California Reports Second Coronavirus Case of Unknown Origin
(Bloomberg) -- A second person in California has been diagnosed with the coronavirus despite a lack of known ties to other infected patients or areas, a further sign that the disease is likely spreading in some parts of the U.S.
The second case was reported Friday in the San Francisco Bay Area, with local health officials describing the patient as an adult woman with chronic health issues who had no recent history of travel and no known contact with anyone diagnosed with the virus.
The patient, hospitalized for having difficulty breathing, lives in Santa Clara County, the heart of Silicon Valley. On Wednesday, health officials in the Golden State’s Solano County reported the nation’s first known coronavirus case that had no obvious source of infection. The two counties lie 90 miles apart, and officials said Friday that the latest patient had not recently traveled between them.
“What we know now is that the virus is here, present at some level, but we still don’t know to what degree,” said Sara Cody, director of the Santa Clara County Public Health Department.
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The case came to light after a doctor treating the patient contacted the county health department on Wednesday and said the woman had symptoms that could represent coronavirus. The following morning, the doctor submitted a swab sample, which was tested at the county’s own health lab, Cody said. The results -- testing positive -- came back Thursday night, and the county began trying to identify and locate people who had come into contact with her.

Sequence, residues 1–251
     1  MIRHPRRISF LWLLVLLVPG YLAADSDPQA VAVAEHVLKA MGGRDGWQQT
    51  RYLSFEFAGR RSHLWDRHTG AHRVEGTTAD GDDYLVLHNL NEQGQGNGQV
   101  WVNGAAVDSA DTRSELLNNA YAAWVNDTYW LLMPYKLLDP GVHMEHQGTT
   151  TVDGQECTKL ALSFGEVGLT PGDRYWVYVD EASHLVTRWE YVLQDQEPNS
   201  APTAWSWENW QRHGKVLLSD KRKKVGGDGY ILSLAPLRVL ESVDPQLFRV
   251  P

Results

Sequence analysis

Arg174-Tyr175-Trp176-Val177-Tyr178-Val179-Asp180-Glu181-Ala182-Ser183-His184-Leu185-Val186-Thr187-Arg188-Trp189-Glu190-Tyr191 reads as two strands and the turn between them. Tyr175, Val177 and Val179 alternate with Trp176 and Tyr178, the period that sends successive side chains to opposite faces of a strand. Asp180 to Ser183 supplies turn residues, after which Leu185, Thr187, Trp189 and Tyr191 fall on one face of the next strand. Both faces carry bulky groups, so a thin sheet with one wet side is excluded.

Health officials around the U.S. have said they expect more cases and that the coronavirus is likely in wider circulation than the handful of diagnosed cases would indicate. State and local health departments, which are the front lines of detection, have struggled to get test kits from the U.S. Centers for Disease Control and Prevention working properly. Without working kits, it’s been difficult or impossible for them to screen cases broadly.
The earlier patient from Solano County has extended family and interactions with people in Santa Clara County, according to Bela Matyas, a Solano health officer.
“Let me tell you this: I think it’s extremely likely that a fair amount of community transmission has been going on for a while so we don’t have to link them,” Matyas said. “The cat on this disease has been out of the bag for so long that there’s people everywhere that are potentially spreading it.”
The Santa Clara County patient was diagnosed with a locally administered test. Some local labs have complained that the test kits sent to them aren’t accurate, and the CDC limits categories of patients it says should be tested. In a statement, the CDC said the new patient was being considered a “presumptive positive case” and it will conduct confirmatory testing.
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